Want to be a millionaire? Move to India.
The number of millionaires in the country rose 26 percent last year, the biggest percentage gain among major countries in a report out Wednesday showing the ranks of millionaires around the world at a record. The total number of Indian millionaires — 198,000 — is relatively small, but it's fast closing in on Italy. That country had 219,000 millionaires last year.
The number of people worth $1 million or more around the world rose by 920,000 to a record 14.6 million last year, according to an annual tally from consultant Capgemini and RBC Wealth Management. It was the sixth straight year-over-year increase as rising stock prices lifted the value of personal wealth in a few key countries.
More than a third of new millionaires — 345,000 — were in the U.S., where a broad index of stocks, the Standard and Poor's 500, rose 11 percent.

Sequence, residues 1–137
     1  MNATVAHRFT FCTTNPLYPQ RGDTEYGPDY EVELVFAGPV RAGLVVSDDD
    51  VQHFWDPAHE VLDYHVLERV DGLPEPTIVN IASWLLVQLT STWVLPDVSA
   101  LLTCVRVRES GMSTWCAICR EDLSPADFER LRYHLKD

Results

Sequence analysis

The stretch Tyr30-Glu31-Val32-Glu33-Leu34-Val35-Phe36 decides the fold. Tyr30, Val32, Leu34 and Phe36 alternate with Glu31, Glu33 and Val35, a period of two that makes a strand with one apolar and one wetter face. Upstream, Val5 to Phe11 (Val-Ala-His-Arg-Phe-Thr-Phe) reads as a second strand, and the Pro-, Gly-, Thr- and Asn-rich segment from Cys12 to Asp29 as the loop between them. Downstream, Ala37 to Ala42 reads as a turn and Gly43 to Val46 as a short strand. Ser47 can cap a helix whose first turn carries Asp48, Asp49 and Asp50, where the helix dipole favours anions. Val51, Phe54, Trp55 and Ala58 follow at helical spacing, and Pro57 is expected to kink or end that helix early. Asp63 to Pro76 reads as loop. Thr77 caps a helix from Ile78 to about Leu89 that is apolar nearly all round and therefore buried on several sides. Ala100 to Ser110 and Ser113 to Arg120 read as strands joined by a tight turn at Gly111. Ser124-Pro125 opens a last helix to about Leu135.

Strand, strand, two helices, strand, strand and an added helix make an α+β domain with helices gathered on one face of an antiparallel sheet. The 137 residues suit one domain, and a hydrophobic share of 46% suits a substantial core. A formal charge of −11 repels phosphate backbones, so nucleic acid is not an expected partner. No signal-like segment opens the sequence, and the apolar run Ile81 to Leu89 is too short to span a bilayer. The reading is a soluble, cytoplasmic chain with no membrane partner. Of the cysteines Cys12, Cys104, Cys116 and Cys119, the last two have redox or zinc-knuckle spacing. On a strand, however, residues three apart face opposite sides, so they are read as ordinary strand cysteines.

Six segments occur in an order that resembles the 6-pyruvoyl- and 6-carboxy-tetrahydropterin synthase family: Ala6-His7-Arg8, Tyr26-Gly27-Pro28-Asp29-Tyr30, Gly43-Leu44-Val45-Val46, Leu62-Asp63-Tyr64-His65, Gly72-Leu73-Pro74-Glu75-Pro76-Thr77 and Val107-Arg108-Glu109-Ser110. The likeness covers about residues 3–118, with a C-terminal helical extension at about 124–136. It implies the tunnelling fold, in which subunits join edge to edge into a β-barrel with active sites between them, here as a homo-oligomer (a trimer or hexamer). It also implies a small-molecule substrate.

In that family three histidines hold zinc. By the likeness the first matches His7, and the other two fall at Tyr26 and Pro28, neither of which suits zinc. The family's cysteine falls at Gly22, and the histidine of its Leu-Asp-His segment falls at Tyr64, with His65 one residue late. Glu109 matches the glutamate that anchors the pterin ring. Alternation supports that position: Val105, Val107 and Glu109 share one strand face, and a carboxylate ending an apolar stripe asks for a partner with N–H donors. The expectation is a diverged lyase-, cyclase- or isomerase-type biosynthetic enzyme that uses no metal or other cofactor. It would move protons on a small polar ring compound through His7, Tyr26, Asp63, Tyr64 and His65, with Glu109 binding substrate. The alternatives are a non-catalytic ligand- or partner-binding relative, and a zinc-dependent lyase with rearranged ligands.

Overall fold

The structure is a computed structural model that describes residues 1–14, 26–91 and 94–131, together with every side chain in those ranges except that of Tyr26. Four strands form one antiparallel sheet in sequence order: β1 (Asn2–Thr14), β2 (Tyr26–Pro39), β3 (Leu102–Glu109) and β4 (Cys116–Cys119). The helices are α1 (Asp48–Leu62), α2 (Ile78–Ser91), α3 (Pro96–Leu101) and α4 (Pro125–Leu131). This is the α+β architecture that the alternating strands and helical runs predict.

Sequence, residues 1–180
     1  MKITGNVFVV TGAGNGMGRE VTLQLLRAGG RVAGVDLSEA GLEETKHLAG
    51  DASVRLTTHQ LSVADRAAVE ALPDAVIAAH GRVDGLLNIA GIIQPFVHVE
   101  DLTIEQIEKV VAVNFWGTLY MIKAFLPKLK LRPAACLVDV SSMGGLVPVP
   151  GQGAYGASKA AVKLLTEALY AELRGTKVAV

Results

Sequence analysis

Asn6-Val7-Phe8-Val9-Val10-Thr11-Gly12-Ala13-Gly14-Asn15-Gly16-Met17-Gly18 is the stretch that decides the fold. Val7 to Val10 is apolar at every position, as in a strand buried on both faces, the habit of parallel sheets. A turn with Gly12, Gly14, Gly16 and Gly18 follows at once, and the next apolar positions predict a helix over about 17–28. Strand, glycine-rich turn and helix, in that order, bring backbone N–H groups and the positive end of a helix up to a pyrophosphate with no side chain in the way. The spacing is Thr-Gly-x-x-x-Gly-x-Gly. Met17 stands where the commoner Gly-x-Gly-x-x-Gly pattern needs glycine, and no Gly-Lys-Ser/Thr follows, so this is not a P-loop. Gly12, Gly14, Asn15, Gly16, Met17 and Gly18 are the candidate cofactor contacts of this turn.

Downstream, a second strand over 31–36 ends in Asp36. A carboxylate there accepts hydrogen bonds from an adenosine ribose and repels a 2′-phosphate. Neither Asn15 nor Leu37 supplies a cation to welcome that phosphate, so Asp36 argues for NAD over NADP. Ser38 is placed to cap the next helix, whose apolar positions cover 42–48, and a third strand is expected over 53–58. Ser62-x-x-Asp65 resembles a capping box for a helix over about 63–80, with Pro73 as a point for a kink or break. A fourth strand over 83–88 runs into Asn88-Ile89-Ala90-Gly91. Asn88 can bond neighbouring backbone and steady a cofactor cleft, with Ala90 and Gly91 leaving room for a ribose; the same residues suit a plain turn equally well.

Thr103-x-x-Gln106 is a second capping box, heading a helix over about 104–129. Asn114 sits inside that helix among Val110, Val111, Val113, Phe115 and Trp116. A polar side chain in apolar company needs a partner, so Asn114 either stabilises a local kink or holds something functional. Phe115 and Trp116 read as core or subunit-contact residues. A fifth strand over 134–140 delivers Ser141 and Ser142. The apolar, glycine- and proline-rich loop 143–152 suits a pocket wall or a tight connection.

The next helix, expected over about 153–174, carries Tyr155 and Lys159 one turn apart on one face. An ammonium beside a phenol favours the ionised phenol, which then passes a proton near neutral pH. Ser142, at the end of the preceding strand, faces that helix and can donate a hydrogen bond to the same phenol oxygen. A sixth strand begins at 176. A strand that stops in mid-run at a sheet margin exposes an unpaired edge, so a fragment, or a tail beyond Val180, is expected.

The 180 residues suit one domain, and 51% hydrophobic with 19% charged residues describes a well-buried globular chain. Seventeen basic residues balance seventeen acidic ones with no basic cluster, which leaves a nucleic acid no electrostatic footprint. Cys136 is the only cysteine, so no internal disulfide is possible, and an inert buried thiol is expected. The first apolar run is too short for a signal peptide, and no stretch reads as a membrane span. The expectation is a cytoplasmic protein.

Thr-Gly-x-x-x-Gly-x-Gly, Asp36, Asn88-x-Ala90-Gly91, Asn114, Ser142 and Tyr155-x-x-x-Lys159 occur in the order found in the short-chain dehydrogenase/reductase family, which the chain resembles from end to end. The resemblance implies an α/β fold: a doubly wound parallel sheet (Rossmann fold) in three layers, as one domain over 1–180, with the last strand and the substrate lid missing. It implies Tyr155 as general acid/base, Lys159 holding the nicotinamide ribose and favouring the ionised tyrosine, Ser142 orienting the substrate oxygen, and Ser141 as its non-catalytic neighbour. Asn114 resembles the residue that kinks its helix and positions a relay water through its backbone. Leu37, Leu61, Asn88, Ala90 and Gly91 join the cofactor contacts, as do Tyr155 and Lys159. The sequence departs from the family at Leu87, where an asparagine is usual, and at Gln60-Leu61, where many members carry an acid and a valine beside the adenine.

Among other highlights of the report:
- Record total: The wealth held by millionaires globally also rose to a record — $56 trillion.
- Richest of the rich: The wealthiest millionaires— those worth is $30 million or more — represented only 1 percent of total millionaires, but held 35 percent of the wealth.
- Gains slow: It got a harder to become a millionaire as many stock markets in Europe and Latin America barely rose, or even fell. The rise in the number of millionaires — 7 percent — was about half the rate of the previous year.
- Where the money is: The U.S. is home to 4.4 million millionaires, the most in the world. Japan ranks second with 2.5 million of them, followed by Germany, with 1.1 million. China, the world's second-biggest economy, ranks fourth. It has 890,000 millionaires.
The wealth report tracked net worth of individuals, with assets defined as stocks, bonds, cash, but not primary residences.